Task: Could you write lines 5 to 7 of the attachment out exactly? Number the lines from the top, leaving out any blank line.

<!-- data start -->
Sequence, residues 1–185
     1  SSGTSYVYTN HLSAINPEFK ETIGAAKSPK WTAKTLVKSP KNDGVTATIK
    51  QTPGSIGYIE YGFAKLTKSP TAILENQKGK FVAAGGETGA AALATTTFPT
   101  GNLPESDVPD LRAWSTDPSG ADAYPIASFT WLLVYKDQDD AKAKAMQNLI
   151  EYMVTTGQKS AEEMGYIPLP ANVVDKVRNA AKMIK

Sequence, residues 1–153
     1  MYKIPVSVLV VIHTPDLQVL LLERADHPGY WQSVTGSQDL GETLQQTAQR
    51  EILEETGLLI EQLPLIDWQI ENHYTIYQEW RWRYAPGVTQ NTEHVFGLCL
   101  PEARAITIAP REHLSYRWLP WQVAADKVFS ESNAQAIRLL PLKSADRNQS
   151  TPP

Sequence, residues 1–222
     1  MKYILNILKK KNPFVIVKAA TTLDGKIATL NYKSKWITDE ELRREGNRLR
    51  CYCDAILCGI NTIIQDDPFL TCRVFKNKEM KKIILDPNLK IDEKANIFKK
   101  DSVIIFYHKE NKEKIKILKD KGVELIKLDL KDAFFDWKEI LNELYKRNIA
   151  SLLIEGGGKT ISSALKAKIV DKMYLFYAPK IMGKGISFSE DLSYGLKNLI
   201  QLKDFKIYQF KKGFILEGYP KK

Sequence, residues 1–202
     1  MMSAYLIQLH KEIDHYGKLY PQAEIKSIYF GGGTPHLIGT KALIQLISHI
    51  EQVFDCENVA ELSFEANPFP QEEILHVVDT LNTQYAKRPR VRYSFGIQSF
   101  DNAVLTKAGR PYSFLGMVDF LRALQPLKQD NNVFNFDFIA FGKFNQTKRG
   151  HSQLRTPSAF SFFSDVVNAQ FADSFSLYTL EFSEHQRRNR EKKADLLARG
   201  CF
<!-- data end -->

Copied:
   151  EYMVTTGQKS AEEMGYIPLP ANVVDKVRNA AKMIK

Sequence, residues 1–153
     1  MYKIPVSVLV VIHTPDLQVL LLERADHPGY WQSVTGSQDL GETLQQTAQR